UAE residents suffer heart attacks 20 years before global average

A survey by the Emirates Cardiac Society revealed that the average age for heart attacks among Emiratis is 45-50 years compared to 65 years in the West (File)

A Philippines-based healthcare provider is calling on the UAE’s medical industry to increase the adoption of the Rapid Response System (RRS) in cardiovascular diseases to bring down casualty rates.

The Medical City (TMC), the Philippines’ largest healthcare network which partnered with Kuwait’s Sama Medical Services to expand its presence across the UAE and in the Gulf Cooperation Council (GCC) countries, says the implementation of RRS is a life-saver.

The RRS was developed after it was discovered that several deaths could be prevented if a hospital’s first line of defence changed from junior doctors and nurses to a team highly specialised professionals in critical care.

The healthcare provider revealed that through its Acute Myocardial Infarction (AMI) Clinical Care Programme, which implements RRS, mortality rates among patients decreased from 9.96 per cent in 2012 to 6.12 per cent in 2015.

UAE residents on an average suffer heart attacks 20 years earlier than the global average. A survey by the Emirates Cardiac Society revealed that the average age for heart attacks among Emiratis is 45-50 years compared to 65 years in the West.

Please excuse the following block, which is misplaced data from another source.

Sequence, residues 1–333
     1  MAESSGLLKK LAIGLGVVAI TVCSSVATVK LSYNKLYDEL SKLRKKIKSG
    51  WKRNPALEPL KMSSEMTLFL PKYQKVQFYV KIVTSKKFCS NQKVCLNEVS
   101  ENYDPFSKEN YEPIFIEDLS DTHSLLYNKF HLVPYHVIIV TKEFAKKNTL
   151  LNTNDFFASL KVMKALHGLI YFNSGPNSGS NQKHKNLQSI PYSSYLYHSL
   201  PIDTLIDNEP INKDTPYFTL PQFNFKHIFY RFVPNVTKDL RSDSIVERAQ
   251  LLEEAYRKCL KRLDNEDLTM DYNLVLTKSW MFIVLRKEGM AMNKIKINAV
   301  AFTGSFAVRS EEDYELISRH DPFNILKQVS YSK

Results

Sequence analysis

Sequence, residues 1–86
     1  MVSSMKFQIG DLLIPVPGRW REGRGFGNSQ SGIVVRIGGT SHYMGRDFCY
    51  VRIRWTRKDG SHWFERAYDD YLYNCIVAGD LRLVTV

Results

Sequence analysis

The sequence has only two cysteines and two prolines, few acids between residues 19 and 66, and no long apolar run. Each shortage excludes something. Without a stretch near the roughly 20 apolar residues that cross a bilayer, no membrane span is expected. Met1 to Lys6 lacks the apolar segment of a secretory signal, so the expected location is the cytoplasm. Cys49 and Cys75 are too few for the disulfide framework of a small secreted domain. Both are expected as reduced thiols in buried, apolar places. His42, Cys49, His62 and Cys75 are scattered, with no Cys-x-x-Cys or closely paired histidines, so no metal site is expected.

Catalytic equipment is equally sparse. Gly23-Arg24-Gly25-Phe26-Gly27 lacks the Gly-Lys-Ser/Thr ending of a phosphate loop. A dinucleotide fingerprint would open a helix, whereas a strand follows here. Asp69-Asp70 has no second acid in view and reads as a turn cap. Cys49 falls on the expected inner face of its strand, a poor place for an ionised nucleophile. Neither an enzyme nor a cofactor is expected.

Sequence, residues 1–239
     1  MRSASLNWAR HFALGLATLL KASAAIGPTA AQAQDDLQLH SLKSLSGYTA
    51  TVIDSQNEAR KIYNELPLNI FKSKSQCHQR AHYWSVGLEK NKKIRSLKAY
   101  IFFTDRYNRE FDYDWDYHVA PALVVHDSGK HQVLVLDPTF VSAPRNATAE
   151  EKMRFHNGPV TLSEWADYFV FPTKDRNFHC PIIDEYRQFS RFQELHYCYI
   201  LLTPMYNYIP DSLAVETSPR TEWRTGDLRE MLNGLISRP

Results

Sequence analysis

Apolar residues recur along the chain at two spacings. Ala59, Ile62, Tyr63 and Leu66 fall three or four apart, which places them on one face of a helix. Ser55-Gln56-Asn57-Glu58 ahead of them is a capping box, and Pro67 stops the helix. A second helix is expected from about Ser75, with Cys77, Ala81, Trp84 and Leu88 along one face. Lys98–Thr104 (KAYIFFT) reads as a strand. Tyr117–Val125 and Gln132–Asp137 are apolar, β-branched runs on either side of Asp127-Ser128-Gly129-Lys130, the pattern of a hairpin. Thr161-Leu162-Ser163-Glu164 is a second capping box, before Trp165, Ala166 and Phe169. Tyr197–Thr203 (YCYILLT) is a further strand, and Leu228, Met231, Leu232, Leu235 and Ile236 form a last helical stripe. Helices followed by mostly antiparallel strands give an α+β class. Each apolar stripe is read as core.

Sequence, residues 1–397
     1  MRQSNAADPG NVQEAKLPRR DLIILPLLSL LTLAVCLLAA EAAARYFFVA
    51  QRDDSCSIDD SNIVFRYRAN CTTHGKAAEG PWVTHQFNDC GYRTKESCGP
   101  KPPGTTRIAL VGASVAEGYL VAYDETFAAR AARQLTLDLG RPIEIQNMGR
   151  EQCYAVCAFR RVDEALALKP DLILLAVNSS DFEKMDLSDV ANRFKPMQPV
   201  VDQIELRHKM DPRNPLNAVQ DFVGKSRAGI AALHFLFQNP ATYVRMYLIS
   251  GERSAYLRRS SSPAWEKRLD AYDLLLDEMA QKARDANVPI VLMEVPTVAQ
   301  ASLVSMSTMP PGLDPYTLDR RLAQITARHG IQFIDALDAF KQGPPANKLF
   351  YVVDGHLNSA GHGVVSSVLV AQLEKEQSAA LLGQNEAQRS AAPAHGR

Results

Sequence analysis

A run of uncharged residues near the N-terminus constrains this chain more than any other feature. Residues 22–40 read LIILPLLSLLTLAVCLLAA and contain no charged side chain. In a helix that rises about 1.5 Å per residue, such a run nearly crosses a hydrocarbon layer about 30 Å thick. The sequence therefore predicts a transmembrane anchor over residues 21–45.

“In modern medicine, one of the main tools in saving patients from a heart attack is the RRS. This is a service increasingly being adopted by top medical institutions around the world and it involves detecting signs of an impending heart attack and administering treatment before the patient actually goes into cardiac arrest,” explained Dr Jose Paulo Prado, AMI Programme Director at TMC.

Dr Prado, who delivered a talk on the AMI Clinical Care Programme at the “Cardiovascular Disease and Intervention Conference” during the Arab Health 2016, said that one of the major factors for the success of TMC is the implementation of the RRS.

RRS is a proactive measure that aims to detect the early signs of clinical health deterioration that could lead to cardiac arrest.

The World Health Organization (WHO) estimates four out of five deaths stem from diseases accompanied by heart attacks or strokes.

WHO statistics (2000-2012) on cardiovascular diseases mortality (age-standardised death rate per 100,000 population) showed that the UAE fell within the bracket of 201-300 deaths, which is higher than western countries like the US which recorded 136 deaths per 100,000 population.

Other countries that had lower rates include Canada, which had 89, Sweden had 132, Germany had 143, France had 86, and Australia had 92 deaths.

Of these findings, Dr Prado said, “the UAE should adopt RRS widely in view of the data on cardiovascular diseases.”

Like many aspects of advanced medicine, RRS marks a shift from reactive measures. The system includes a multi-disciplinary team consisting of intensive care unit-trained personnel available round the clock everyday to evaluate patients who are developing signs or symptoms of clinical deterioration.